The first three of the UK’s world-leading Protector aircraft are now being manufactured following the award of a £65M ($80M) contract by DE&S.
Protector, which will replace the current Reaper system when it is introduced to the front-line, is considered a step change in capability for the RAF.
The cutting-edge platform will be capable of being flown anywhere in the world while being operated by personnel located at their home base at RAF Waddington, Lincolnshire where it will enter service by mid-2024.
The contract, awarded to General Atomics Aeronautical Systems Inc following a successful development phase, will see the company build the first three innovative Protector aircraft, as well as three ground control stations and other associated equipment.
Alongside this a Test and Evaluation contract is already in place to gather evidence for the acceptance and certification of the system.
The production contract includes an option for the build of the remaining 13 aircraft, four ground control stations to complete the current planned fleet of 16 aircraft which will more than double the capability provided by Reaper.
News of the contract was announced by Defence Secretary Ben Wallace during a speech at the Virtual Air and Space Power Conference today (July 15).
Charlie Hazeldean, Head of Unmanned Air Systems at DE&S, said: “Protector is a world-class, ground-breaking capability and is a significant step in capability for the RAF.
“I am incredibly proud of the team who, due to COVID-19, had to manage the final contract negotiations virtually, combined with an eight-hour time difference. Their success is testament to their commitment and the great working relationship they have built with General Atomics.”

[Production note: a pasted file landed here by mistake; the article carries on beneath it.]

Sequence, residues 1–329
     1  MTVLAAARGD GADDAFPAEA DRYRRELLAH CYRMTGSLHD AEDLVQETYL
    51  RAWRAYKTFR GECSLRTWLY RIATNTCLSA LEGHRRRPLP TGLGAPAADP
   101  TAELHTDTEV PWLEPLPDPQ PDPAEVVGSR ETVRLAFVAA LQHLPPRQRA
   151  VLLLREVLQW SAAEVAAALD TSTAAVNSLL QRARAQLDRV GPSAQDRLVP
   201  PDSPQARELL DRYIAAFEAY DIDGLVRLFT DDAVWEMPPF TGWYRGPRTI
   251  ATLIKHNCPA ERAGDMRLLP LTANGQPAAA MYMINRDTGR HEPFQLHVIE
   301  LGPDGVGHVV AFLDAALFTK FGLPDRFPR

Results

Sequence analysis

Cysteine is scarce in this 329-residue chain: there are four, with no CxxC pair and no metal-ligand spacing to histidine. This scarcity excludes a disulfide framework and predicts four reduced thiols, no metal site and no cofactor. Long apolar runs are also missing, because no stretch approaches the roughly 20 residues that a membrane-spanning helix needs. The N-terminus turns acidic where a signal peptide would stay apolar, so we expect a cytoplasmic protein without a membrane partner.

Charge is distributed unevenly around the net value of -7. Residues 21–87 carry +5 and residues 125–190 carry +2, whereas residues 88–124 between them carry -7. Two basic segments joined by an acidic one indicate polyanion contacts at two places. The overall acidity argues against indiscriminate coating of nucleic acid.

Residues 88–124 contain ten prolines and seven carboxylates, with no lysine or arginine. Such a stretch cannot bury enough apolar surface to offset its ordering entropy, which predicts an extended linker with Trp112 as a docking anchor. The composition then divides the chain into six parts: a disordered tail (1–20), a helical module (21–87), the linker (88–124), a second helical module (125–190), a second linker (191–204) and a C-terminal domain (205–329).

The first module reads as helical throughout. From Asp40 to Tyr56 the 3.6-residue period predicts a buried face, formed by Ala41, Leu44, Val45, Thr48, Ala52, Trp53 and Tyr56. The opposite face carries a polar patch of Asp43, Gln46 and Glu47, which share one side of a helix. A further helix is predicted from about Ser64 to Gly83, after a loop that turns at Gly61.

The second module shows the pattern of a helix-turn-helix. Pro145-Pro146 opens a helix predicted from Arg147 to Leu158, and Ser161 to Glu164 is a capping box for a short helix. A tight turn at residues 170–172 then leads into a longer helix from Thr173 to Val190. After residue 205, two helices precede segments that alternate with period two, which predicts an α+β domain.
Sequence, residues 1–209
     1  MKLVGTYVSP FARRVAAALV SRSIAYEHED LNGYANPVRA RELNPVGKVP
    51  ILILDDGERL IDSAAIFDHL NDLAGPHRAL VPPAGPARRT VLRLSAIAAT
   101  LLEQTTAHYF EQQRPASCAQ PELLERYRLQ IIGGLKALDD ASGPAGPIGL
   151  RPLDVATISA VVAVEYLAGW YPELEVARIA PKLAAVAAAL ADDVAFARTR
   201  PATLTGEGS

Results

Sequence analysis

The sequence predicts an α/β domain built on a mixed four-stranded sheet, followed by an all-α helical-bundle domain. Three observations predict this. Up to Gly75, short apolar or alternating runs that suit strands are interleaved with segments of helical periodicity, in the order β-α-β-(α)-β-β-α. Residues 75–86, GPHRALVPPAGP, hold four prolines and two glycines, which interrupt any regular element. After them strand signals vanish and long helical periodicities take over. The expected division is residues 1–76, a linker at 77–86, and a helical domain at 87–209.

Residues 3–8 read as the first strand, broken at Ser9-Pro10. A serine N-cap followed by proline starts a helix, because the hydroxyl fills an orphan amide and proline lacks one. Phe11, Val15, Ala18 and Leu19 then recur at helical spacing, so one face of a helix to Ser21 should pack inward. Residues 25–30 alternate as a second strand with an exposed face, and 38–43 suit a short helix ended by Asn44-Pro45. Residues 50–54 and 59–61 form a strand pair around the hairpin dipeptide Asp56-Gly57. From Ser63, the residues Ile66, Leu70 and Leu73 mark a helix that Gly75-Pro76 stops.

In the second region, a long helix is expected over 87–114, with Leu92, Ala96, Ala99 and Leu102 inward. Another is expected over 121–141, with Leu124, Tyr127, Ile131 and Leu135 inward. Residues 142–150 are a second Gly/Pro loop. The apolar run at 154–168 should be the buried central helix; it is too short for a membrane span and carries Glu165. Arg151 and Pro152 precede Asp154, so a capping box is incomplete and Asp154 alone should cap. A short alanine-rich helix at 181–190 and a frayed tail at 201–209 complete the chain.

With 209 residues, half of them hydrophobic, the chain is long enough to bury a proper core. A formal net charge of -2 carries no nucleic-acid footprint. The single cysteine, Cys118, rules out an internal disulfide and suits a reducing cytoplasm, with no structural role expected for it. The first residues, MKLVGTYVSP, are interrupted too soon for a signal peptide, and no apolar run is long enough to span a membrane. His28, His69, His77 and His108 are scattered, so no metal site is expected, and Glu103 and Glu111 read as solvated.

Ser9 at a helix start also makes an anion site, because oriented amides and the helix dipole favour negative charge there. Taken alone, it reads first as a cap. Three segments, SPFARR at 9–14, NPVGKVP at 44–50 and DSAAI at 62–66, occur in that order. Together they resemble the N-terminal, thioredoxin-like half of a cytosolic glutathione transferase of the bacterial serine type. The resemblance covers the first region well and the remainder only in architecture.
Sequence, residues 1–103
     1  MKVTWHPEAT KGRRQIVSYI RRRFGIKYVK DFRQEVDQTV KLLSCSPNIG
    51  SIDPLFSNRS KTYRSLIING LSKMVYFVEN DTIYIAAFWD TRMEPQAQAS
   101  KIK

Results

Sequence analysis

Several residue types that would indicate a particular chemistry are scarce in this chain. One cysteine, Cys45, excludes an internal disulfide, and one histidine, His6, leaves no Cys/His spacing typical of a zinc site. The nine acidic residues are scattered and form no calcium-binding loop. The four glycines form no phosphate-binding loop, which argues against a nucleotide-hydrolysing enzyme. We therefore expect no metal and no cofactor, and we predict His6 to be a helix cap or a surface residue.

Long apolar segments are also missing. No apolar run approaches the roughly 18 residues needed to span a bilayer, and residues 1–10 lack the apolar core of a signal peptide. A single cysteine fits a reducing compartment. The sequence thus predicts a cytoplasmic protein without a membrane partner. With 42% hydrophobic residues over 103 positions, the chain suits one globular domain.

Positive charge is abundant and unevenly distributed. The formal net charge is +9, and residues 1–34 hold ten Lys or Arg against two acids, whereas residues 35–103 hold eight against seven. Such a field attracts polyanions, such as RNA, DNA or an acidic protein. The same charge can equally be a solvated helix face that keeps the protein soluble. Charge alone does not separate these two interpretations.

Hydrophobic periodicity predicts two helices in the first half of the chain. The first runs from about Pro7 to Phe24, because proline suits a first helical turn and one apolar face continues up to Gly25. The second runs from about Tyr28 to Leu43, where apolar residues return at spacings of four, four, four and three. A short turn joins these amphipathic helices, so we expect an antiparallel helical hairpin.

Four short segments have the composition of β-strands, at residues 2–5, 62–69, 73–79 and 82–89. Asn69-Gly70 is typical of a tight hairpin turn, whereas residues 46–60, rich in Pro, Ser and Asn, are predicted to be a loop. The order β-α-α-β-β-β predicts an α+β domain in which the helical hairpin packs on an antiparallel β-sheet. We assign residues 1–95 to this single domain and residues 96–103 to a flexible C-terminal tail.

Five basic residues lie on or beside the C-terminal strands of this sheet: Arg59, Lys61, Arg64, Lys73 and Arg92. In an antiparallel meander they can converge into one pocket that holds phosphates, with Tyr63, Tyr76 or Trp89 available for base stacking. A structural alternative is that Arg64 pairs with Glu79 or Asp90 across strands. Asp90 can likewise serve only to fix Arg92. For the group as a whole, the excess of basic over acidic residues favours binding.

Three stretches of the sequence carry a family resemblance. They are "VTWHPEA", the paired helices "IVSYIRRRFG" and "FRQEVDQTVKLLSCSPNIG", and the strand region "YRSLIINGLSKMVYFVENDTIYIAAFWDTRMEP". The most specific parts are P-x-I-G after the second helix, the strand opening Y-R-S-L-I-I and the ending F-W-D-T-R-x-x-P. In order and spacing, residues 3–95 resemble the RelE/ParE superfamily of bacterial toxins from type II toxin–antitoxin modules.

Protector will have to meet stringent NATO and UK safety certification standards meaning it could operate in civilian airspace.
It will be deployed in wide-ranging Intelligence, Surveillance, Targeting and Reconnaissance (ISTAR) operations where its ability to fly consistently for up to 40 hours, offers the RAF vastly improved armed ISTAR capability.
It would also be available, if requested, to support civilian agencies in the UK, for example in search and rescue and disaster response missions
Sir Simon Bollom, DE&S CEO, said: “The DE&S team have demonstrated their remarkable resilience and overcome considerable challenge to ensure this significant programme remained on track.
“Their efforts and the collaborative commitment from industry means that the RAF can still look forward to the delivery of the cutting-edge Protector and the step change in capability that it brings.”
The aircraft will use enhanced data links and carry next-generation, low collateral, precision strike weapons – the UK-made Brimstone missile (MBDA) and Paveway IV Laser Guided Bomb (Raytheon UK).
The fleet will also have advanced anti-icing and lightning protection, providing the RAF with unprecedented flexibility to operate in adverse weather conditions.
The first Protector aircraft will be delivered in 2021 but will remain in the US to be utilised in the test and evaluation phase of the programme. The first aircraft delivery to the RAF will be in 2023.